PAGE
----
Art Quilt Show

Yesterday my husband and I visited an art quilt show at the Wayne Art Center in Wayne, PA.

As you may expect, this show has been disrupted by the pandemic and I think this is the first time in a couple of years that it has appeared in person. I have never taken classes at this center but I know of it through art friends, and I’ve been on their mailing list for some time. I’m considering taking a class here, and if I don’t sign up this semester, I feel sure someday I will – so this visit also allowed me to check out the facility and get familiar with the location.

Here’s the info on the show. You can visit it online, so I won’t go through all the details. I’ll just give my personal impressions of the exhibit.

As you know, I did a lot of fabric art in the past, but not much since maybe about 2000 or so, with the exception of a few small items. I was interested to see where things stand in the art quilt world and I thought this exhibit would be informative.

The quilts were hung in two large galleries. I’ll show you overviews of each one. Let’s start here, as I sort of pan around the room from the entrance.

And here is the second room:

And here are a few of the details I found of interest. Note: I didn’t record the names of the artists or the quilts, since you can easily find them on the exhibit online page – I just went for photos of details or items that captured my eye.

I noticed that many, if not most, of the quilts utilized a quilting system of straight line stitching. I think this is because most of the quilts relied on their fabrics and colors for their visual impression, and not much for texture, so the stitching did not interfere with that objective.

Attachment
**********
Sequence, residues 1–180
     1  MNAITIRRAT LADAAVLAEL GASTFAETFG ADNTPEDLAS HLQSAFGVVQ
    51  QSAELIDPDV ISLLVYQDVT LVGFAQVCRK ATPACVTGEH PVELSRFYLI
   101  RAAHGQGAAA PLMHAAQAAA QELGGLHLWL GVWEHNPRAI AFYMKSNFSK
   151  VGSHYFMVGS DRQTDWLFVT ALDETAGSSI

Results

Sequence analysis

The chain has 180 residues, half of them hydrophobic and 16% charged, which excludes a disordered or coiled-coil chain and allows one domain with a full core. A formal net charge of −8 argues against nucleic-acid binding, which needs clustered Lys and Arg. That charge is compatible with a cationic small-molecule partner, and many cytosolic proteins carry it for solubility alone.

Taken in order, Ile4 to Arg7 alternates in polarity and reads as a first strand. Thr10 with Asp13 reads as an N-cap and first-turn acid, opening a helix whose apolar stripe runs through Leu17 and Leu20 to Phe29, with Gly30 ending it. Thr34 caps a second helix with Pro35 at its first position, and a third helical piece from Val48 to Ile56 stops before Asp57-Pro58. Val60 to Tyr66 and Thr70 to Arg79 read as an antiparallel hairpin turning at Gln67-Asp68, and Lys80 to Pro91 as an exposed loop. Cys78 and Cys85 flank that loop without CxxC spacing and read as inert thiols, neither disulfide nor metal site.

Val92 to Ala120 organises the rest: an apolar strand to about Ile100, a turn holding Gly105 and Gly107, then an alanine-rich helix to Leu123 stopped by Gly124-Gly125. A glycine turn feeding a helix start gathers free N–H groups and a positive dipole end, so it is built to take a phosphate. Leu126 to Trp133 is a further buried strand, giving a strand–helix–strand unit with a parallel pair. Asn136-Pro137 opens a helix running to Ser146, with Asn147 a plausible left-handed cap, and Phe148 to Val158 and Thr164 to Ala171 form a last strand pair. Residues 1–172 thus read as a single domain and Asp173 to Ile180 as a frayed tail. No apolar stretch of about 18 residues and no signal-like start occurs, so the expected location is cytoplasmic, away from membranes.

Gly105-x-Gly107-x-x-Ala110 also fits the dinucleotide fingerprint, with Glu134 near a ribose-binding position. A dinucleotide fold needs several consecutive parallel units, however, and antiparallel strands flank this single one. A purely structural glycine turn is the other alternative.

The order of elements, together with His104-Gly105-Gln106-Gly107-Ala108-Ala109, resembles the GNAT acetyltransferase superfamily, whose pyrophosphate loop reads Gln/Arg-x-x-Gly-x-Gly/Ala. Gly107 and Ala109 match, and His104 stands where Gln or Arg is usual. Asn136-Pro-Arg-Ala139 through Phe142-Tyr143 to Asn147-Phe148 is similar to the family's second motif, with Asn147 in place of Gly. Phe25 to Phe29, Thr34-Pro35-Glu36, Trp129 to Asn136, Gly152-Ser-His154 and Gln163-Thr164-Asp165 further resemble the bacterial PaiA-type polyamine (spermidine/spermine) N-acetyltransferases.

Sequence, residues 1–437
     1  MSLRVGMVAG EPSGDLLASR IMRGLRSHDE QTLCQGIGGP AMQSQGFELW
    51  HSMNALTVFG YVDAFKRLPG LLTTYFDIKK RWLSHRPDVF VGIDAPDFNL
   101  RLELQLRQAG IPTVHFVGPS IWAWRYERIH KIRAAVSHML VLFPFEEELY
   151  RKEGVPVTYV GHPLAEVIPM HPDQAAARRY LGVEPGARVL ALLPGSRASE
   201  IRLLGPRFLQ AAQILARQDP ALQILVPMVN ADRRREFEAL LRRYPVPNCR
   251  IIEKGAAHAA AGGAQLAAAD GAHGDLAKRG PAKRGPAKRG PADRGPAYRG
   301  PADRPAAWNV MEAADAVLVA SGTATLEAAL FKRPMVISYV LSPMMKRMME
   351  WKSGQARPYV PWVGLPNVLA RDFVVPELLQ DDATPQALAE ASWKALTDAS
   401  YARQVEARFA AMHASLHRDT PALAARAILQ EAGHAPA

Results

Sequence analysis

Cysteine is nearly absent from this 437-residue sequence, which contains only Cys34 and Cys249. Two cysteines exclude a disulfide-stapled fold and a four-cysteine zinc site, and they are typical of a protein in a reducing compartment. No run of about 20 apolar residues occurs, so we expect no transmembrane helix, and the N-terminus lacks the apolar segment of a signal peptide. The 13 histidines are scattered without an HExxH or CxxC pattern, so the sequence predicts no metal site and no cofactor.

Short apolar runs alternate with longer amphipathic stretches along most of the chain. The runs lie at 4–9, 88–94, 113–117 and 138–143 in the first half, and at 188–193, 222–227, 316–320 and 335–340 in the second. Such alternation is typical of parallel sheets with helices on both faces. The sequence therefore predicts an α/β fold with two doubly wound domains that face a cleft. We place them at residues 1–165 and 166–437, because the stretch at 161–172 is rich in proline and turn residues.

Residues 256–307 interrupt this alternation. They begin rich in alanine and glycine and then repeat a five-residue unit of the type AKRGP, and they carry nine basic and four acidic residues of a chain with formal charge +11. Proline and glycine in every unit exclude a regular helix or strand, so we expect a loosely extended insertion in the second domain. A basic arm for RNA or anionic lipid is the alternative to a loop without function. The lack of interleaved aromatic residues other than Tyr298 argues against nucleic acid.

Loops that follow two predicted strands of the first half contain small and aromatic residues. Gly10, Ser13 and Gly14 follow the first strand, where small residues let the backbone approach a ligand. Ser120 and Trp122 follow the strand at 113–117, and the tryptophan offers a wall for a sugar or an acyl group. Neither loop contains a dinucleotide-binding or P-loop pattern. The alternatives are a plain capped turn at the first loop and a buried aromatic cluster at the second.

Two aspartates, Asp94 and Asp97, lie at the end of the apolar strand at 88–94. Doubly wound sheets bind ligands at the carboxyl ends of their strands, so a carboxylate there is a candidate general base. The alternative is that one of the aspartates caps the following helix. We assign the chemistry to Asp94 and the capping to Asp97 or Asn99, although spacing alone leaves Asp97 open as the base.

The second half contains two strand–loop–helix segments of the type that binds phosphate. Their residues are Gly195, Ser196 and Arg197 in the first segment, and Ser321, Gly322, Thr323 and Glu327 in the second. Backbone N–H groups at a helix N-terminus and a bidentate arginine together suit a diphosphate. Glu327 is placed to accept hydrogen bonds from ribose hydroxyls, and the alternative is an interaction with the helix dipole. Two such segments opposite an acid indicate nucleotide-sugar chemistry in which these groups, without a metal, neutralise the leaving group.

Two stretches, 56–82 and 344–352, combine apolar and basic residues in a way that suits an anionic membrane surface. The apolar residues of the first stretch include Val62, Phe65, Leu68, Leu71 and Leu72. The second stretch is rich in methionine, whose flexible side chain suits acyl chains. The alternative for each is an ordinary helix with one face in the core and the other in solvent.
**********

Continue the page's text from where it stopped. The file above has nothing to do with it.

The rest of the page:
I found it interesting how the stitching color affected the impression of color that the fabrics made.

I think the effect was even more pronounced in this quilt. Imagine how this detail section would look if the stitching followed the fabric colors in all cases.

Our favorite quilt, however, exploited color in its overall impression as well as employing a lot of texture. I also liked the pictorial nature of the quilt, and the idea that there is a story here. I also really like the construction technique and how it reads differently close up and from across the room.

One other quilt that caught our eye was this one constructed of mesh. It was displayed so that it hung in front of a window and could be viewed from both sides. Though I took photos of just this one piece, the same maker had another one right next to it (you can see a portion of it in the first photo, at the right) that used the same technique in another way.

I found these innovative and fun to look at, and also, I liked the idea that both sides of the art could be viewed.

I enjoyed the exhibit, but overall, I feel like I’ve seen similar work before and with the couple of exceptions I mentioned, nothing felt that fresh or different to me. I guess I have seen many very well-constructed quilts over the years and I now am looking for something that stands out and shouts out to me, commands attention. And something that is maybe coming from an unexpected direction or perspective. These quilts mostly felt pretty impersonal and almost detached to me.

Well, that’s just my opinion. I’m glad to have had the chance to see fiber art in such a setting. It’s important to see fabric work in person if possible as it reads so differently than when it’s photographed. And, it’s another step for me in heading toward my goal of rejoining the fiber art world, even in the small way that I have been contemplating, with my new sewing machine and my small stash of recently collected fabrics.

Art Drop-off 3/25/22

The weather is so fickle right now, some days very mild and others brrrr freezing cold, that my walks outside and consequently my art drop offs have been hit or miss. Here is one from this date, set on the info kiosk at Moredon Road crossing on the Pennypack Trail.

And here it is in place!

Art Drop-off 3/23/22

On a chilly but sunny morning, I headed up the Pennypack Rail Trail for a walk. I had an artwork to leave somewhere along the way, too.

When I came to the first bridge (there are 2) that crosses the Pennypack Creek to the Pennypack Ecological Restoration Trust (PERT) on the other side, I realized I was very near the beaver pond. I haven’t been there in months – and for good reason – the area was very affected by the floods last fall from Hurricane Ida and has been off limits.